I’ve been writing about this album off and on for the last couple of weeks. Basically whenever I could find the time—early mornings, late nights, lunch hours, etc. It’s chapter 2 in the book and this morning as I was writing I realized that I had segued into chapter 3 without noticing. I was done with the Tweez chapter. Feeling really good about things right now. (And believe me, I don’t always feel good about it. This has been a very up and down process—even just this week has had its downs. But tonight I’m feeling very up.)
I defy anyone to find a rock song surpassing the energy this song packs. Particularly when you get to the halfway point and James Williamson just let’s loose. It’s shocking that this track was intentionally left off of Raw Power because THIS IS raw power.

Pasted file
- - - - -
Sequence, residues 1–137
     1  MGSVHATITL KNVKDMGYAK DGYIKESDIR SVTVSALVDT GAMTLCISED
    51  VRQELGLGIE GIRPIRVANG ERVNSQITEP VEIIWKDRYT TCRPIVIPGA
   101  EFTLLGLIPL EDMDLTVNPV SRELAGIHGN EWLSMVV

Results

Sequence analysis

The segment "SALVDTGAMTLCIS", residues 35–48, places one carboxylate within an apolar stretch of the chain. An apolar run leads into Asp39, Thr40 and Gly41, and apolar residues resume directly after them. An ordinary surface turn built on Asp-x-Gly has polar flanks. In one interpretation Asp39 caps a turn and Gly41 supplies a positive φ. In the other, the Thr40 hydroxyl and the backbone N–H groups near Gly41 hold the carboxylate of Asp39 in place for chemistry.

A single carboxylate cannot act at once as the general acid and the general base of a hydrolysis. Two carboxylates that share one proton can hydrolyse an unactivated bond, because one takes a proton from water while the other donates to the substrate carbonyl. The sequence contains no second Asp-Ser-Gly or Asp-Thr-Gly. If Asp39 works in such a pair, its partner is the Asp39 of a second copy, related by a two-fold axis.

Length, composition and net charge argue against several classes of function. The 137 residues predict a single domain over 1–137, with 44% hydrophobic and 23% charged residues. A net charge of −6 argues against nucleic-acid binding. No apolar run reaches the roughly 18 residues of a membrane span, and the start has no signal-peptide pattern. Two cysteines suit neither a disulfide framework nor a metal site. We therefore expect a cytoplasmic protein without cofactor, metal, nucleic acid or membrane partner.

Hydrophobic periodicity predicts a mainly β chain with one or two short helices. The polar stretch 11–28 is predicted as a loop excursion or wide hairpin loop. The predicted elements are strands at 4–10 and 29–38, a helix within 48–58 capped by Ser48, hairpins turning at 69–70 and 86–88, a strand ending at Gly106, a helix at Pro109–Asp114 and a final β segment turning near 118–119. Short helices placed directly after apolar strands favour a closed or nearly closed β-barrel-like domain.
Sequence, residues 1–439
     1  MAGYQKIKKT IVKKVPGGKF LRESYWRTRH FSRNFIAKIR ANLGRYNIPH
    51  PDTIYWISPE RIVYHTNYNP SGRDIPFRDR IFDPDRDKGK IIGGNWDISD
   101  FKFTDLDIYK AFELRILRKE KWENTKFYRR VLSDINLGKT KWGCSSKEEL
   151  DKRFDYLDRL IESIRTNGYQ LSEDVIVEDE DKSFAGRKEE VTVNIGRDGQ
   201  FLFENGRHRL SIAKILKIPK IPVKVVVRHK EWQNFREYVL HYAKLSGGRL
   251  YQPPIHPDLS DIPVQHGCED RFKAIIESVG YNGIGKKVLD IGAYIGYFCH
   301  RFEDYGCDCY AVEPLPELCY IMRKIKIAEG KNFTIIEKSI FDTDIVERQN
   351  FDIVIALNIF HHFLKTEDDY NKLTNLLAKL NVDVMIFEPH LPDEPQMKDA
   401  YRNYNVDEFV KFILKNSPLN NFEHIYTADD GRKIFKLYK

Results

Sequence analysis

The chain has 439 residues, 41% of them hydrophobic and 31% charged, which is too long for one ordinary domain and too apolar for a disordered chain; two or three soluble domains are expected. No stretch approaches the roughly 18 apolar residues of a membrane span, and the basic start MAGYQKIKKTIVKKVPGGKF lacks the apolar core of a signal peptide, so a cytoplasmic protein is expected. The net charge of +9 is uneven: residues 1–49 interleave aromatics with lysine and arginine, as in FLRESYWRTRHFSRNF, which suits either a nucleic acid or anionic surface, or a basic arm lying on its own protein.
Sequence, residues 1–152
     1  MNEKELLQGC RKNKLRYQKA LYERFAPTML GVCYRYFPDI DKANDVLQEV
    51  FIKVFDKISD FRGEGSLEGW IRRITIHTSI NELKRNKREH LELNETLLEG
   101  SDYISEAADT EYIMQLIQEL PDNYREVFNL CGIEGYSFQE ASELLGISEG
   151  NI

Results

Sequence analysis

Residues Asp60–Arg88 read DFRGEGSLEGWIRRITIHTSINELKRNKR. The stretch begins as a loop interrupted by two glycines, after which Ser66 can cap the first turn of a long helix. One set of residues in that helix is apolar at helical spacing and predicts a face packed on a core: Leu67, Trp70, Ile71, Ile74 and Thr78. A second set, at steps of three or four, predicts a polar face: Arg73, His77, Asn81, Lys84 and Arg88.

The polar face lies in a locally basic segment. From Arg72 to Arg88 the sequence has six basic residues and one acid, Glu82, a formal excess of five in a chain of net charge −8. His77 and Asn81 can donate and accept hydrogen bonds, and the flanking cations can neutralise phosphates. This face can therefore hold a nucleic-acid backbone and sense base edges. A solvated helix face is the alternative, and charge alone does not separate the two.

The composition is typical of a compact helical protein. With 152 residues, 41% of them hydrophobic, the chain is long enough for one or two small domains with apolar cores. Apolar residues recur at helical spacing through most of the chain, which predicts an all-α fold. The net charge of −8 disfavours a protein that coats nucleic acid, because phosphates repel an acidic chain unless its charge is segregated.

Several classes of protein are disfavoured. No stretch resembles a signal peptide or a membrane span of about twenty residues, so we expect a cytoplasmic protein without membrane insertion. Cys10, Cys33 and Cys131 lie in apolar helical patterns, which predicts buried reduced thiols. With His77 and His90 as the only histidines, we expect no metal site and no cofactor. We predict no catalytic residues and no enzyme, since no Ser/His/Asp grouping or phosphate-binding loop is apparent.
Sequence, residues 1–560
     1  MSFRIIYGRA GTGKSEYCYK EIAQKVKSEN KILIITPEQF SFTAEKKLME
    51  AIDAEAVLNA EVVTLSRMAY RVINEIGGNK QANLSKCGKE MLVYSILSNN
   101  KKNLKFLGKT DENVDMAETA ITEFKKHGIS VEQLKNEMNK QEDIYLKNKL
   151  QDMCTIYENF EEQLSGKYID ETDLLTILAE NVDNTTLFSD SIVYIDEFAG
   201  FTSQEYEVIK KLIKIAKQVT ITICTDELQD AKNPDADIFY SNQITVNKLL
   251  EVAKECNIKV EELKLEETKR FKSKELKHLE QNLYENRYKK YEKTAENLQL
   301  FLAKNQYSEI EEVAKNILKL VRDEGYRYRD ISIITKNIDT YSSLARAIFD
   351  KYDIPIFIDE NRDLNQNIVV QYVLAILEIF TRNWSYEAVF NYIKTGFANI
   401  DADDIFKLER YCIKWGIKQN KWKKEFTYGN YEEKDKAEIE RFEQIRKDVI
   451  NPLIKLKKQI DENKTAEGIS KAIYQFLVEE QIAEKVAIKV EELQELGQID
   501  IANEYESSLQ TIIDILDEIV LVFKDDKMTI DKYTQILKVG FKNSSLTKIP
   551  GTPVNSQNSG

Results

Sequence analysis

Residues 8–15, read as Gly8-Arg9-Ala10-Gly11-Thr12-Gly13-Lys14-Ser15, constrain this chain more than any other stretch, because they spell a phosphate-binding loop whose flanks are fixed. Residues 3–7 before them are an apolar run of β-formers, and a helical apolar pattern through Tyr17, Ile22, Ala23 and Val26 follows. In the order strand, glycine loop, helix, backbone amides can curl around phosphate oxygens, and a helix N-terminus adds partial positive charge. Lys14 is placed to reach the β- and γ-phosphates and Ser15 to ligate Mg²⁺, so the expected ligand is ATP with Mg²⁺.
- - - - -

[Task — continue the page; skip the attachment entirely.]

Jonathan Demme directed “The Perfect Kiss” video, which is unlike any other New Order clip. Set in the band’s practice room, it simply depicts the band playing the song from beginning to end. According to Factory Records owner Tony Wilson, Demme was looking forward to filming dynamic shots of Stephen Morris behind the drum kit and was dismayed to find that the drums in the song were all programmed. The video prominently features references to Joy Division, including a poster for Joy Division and a dimly lit figure resembling the late Ian Curtis watching the band from a doorway during the session.
It is also the case that Martin Hannett can be seen through the studio glass. Hannett produced their earlier incarnation as Joy Division.
The video appeared on the Substance 1989 VHS tape and the DVD A Collection. An edit of the video version appeared on a US 12” single in 1985. The full audio take, including Demme’s remarks before and after the performance, appeared on a bonus CD included with early copies of the box set Retro. Since it is a unique live performance, the video version of the song sounds different from other released versions.